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Default Re: My Terms

If anybody ever needed a second opinion on this subject, I totally and absolutely agree with Laurie. Read her post, above, carefully, twice.

I just wanted to add this: If you're not comfortable dosing morphine, I recommend ensuring that your nurses are comfortable with palliative sedation.

--Mike
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Old 09-29-2015, 03:42 AM #21 (permalink)
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My goodness Laurie that reply was written brilliantly.

I'm in Australia where there are very clear laws about active suicide.

However, there are also very clear laws about palliative care. We registered early with palliative care, and when Chris came to the end stages it was so easy to have their guidance on medications and their applications. No one was concerned about 'giving a final dose'. The only concern was his comfort which is just what palliative care is.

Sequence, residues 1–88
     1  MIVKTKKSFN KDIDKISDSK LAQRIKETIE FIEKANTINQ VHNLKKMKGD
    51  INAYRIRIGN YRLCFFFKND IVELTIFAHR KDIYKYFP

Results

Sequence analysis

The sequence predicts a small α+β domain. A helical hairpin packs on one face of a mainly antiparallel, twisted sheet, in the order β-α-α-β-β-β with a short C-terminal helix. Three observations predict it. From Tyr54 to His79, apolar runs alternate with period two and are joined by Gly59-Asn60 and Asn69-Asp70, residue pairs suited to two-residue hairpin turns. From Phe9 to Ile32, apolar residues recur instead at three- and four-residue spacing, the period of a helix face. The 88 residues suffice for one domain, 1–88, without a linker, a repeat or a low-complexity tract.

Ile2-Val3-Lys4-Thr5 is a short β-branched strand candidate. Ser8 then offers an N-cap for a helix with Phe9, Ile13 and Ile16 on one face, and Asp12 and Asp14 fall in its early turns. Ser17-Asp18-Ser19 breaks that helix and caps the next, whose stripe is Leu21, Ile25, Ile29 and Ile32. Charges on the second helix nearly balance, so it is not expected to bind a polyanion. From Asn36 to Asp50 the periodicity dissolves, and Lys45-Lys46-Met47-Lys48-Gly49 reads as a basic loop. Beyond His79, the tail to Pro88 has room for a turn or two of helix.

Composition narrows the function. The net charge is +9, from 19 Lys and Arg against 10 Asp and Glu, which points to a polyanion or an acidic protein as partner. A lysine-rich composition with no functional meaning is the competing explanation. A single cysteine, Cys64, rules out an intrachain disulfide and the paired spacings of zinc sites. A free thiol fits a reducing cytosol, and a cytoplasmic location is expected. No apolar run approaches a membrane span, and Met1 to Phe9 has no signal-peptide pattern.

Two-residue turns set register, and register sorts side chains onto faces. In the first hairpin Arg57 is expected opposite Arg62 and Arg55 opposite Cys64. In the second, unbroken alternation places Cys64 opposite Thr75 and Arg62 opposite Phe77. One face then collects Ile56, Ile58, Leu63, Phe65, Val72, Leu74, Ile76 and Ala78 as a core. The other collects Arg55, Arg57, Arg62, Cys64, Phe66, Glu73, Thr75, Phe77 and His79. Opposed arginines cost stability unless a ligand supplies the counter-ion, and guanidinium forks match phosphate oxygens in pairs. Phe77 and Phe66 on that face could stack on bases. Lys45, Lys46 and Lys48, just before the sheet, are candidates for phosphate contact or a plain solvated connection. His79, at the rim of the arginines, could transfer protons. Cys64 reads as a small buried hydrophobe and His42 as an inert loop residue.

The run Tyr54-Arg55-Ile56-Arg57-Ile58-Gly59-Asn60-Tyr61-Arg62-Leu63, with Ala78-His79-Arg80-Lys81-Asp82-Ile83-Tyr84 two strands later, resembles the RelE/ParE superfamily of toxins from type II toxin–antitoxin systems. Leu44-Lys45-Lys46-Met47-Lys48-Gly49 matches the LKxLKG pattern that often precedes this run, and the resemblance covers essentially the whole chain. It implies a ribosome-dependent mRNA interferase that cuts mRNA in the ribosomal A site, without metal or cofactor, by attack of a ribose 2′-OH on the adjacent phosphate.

I've never even tried to think clearly on whether the meds had anything to do with the timing of his passing or not. If they did, he maybe passed a day or two sooner than he may have otherwise. He was peaceful in those last days and the monster was taking him, but it was a good ending.

It was a graceful exit, at home with me exactly as we both wanted. ALS took so much from us, but it did not take that.
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Old 09-29-2015, 10:21 AM #22 (permalink)
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Hello Time,